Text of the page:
In ‘Truman Show’ fashion, Bolt (voiced by John Travolta) is the deluded super-hero star of a hit live-action children’s television show, replete with a snazzy lightning logo emblazoned on his flank. As Bolt is separated by accident from ‘his person’, the equally innocent child-star Penny (Miley Cyrus), and joined by an alley-cat and couch-potato Hamster, he learns to be ‘a real dog’. Rated PG.


Homeward Bound (1993)

Chance the bulldog, Shadow the golden retriever and Sassy the cat embark on a journey through the California forest to find the family who they believe abandoned them while on vacation to San Francisco. Run-ins with a mountain lion, a porcupine and the ominous pound provide the necessary obstacles on the road to a heartwarming finale. Rated G.


Free Willy (1993)

Killer whale, Willy, is separated from his family when humans net him and take him to an amusement park to become the main attraction. When rebellious street-kid Jesse is caught graffiti-ing the whale tank, he must redeem himself by cleaning it regularly under the tutelage of whale-trainer Randolph. Jesse and the whale form a unique connection as they both search for the families they long for. Rated PG.


Because of Winn-Dixie (2005)

The beloved children’s novel about a lonely girl who moves in with her preacher father after being abandoned by her mother makes for a similarly sweet onscreen story, thanks in large part to a spunky Picardy Shepherd, who plays the title role. After finding Winn-Dixie at a supermarket, ten-year-old Opal learns how to meet friends and reconnect with her equally lonesome father. Rated PG.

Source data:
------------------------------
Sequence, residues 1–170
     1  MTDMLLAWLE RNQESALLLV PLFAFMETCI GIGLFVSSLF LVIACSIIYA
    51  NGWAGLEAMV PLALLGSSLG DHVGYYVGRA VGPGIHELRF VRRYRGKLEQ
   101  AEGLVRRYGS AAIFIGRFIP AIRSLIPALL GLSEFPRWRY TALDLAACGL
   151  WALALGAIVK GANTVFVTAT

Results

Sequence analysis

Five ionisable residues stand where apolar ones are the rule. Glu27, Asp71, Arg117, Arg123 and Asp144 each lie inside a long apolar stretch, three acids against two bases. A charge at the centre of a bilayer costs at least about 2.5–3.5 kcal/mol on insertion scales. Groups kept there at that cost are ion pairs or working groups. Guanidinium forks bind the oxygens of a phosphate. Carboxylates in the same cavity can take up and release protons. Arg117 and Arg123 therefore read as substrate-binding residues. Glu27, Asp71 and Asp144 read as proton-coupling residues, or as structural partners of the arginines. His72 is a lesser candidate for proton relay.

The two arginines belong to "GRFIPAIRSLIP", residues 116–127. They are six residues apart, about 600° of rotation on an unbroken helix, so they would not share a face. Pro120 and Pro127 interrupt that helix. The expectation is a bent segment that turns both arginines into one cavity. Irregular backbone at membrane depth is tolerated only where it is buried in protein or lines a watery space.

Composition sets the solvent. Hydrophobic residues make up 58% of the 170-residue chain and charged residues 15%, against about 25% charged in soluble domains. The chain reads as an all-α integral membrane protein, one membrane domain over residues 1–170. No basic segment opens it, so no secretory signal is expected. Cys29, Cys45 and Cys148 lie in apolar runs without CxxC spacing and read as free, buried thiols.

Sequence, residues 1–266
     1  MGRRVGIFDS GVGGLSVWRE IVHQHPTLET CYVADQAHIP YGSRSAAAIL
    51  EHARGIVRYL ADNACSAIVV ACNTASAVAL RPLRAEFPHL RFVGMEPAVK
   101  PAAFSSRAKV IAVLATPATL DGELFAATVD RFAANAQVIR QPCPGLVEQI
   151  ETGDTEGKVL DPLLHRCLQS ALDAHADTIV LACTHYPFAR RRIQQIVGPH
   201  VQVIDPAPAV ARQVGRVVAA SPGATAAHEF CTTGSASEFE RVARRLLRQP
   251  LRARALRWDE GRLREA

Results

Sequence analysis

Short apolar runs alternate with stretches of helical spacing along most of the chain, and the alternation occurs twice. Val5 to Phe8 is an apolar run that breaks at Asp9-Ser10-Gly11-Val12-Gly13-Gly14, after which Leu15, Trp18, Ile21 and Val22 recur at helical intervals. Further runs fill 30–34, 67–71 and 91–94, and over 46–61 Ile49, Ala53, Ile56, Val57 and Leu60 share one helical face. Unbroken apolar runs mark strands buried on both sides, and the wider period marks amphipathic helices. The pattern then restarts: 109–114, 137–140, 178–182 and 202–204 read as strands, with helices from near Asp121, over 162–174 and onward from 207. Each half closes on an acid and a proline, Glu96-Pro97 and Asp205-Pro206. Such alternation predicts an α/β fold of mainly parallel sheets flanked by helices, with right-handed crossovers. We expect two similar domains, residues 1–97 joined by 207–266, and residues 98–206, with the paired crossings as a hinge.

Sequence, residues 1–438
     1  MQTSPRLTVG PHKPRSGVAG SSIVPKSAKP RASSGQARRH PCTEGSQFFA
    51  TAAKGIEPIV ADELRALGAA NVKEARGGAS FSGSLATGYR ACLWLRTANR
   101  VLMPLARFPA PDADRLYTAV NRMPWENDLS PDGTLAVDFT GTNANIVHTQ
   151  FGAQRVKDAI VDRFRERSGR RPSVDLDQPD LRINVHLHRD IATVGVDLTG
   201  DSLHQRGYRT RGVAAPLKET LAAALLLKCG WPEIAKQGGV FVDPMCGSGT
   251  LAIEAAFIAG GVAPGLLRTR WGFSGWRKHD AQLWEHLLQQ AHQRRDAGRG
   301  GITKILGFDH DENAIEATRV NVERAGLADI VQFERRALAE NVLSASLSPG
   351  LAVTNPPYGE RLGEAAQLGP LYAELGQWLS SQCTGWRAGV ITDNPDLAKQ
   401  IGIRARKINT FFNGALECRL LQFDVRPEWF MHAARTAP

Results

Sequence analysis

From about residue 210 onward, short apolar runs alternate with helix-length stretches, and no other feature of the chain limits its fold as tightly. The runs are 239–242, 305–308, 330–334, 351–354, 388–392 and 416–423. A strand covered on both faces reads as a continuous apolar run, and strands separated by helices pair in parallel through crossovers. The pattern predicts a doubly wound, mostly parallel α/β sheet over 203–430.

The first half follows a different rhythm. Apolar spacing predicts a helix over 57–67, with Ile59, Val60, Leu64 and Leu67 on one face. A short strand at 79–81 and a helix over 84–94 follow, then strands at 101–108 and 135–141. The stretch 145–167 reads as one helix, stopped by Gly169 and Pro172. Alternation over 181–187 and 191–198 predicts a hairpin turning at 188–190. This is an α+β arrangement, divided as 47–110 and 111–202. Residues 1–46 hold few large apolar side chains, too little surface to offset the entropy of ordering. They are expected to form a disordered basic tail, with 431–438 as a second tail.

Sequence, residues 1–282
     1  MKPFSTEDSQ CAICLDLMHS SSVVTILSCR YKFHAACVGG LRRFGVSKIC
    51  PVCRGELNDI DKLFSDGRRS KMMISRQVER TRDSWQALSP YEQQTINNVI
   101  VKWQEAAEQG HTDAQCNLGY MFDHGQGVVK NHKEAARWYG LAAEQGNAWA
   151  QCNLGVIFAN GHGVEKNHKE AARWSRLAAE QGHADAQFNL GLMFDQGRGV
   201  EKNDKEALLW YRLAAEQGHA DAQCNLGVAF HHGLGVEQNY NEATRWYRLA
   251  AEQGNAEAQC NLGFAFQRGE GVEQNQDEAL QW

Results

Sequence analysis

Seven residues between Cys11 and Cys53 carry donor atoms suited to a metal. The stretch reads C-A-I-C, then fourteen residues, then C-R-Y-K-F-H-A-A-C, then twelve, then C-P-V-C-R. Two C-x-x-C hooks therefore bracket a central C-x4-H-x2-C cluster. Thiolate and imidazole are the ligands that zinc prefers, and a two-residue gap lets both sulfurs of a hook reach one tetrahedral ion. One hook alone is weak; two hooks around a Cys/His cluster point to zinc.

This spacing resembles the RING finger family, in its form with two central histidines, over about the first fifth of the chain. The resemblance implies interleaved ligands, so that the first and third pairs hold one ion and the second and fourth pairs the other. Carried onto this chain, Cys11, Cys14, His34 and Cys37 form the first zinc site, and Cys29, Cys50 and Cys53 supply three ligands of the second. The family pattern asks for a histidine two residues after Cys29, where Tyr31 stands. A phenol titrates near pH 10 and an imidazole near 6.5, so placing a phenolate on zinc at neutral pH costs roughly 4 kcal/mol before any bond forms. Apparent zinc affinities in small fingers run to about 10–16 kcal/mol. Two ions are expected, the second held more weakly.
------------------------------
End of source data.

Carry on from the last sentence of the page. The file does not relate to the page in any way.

Beethoven (1992)

If you ever encounter a need to understand the full implications of investing in a St. Bernard, seek out Beethoven. The story of a reluctant father’s eventual love for the slobbery pet is funny, sentimental and sometimes dark, but the part that’s most remembered is the slow-mo scene of the gargantuan dog shaking the dirt off its coat while inside the house, providing parents with the perfect excuse for retaining a pet-free home. Rated PG.


Ratatouille (2007)

Okay, so this rodent isn't exactly a pet—but when ambitious rat, Remy, puts his culinary talents to use to help novice chef, Linguini, succeed in a high-pressure kitchen, a true friendship develops. Remy emerges from his home in Paris' sewer system, certain that he's destined for something greater (and tastier). Since kitchens don't exactly welcome his breed with open arms, Remy's dream of becoming a chef proves difficult, but with help from his newfound human protégé, he may change the opinions of both species. Rated G.


My Dog Skip (2000)

Three school bullies with amazing names (Big Boy Wilkinson, Henjie Henick and Spit McGee) make nine-year-old Willie’s life a living hell—until his family gets a lovable Jack Russell terrier. As told by the real Willie Morris, looking back on his childhood in 1940s Mississippi, this tale might best be left to kids who have an understanding of American history and the fact that their four-legged friends will someday go to doggie heaven. Rated PG.


Old Yeller (1957)